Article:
The term "big screen TV" has changed over the years. It used to be having a 42 in projection TV in your basement meant you were the king of sporting events, but now 42 inches is on the small end of the HDTVs you see at Best Buy. Televisions are getting bigger, thinner and cheaper with picture quality that rivals the cinema. But what if you could make a TV any size you want? What if you could play videogames at 100 or 150 inches on the wall of your living room for the same price as an HDTV? That's exactly where home cinema projectors come into play. I've been demoing the Epson Home Cinema 8350 for the past month and it's made me seriously consider ditching my living room TV.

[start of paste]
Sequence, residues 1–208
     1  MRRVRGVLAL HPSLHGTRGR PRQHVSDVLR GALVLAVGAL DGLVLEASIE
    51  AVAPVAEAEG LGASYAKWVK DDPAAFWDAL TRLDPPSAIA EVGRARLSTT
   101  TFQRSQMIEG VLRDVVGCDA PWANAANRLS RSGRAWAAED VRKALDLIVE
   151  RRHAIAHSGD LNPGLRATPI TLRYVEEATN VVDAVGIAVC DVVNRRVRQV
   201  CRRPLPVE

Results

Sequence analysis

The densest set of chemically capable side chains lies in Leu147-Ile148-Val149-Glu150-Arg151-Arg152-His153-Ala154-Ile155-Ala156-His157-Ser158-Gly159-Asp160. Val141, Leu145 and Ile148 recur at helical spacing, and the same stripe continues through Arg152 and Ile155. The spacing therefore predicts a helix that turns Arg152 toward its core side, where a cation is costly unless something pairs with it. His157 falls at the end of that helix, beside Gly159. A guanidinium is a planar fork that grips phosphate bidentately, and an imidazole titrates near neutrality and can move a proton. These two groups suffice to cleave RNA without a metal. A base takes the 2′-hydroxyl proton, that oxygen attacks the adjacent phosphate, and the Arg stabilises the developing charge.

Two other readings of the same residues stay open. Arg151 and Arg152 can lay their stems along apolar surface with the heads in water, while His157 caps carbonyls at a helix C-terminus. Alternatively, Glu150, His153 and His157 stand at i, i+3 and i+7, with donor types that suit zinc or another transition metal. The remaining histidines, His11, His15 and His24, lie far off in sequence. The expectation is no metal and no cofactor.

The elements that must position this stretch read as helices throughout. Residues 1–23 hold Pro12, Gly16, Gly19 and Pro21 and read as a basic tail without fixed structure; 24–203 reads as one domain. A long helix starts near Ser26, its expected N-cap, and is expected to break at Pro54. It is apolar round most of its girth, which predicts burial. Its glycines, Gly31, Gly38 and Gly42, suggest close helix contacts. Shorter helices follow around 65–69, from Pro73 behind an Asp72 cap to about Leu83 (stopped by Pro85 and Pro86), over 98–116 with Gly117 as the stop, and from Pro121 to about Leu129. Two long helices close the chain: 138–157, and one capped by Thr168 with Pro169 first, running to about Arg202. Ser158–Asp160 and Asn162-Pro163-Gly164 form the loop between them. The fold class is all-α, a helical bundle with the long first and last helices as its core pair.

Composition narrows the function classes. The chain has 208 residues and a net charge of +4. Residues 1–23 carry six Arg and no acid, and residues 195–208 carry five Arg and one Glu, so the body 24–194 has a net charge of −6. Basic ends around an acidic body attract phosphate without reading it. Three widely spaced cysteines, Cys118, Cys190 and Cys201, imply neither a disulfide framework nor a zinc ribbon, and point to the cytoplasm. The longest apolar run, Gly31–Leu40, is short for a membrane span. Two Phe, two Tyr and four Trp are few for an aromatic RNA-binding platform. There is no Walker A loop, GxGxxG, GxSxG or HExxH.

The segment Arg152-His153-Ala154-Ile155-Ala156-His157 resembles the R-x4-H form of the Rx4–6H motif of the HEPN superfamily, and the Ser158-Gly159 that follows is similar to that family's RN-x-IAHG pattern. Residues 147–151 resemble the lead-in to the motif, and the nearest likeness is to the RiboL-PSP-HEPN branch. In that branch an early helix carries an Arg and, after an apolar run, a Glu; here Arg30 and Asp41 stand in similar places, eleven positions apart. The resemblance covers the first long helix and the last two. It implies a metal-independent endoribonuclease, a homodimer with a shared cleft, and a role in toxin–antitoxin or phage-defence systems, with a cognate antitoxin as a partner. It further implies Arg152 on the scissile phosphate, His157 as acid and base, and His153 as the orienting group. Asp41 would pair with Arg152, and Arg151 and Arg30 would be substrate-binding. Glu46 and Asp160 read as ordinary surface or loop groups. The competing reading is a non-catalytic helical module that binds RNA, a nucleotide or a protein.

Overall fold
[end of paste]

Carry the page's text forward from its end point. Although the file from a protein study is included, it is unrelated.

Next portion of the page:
In a previous home I had actually built a home theater room in the basement, complete with screen and projector. The one "problem" I always had with it though was light control; for solid picture quality you'd need to have the room mostly dark. So the idea of a living room projector just didn't seem plausible to me - ambient light is a problem. The Epson 8350 has proved me wrong though, even during the daytime the picture quality was solid for basic HDTV viewing and gaming. Obviously once the lights were off the picture really popped, but I was still shocked at just how well the 100 inch image looked on my wall during normal daytime use.
Using a projector instead of a TV does mean there's a few things you need to set up differently. Most likely you'll need your devices hooked up through a receiver, this way you not only can switch between inputs easily, but the audio has somewhere to play. Since the Epson 8350 doesn't have speakers built in like a television you need to use something else for audio, this is typical of most projectors.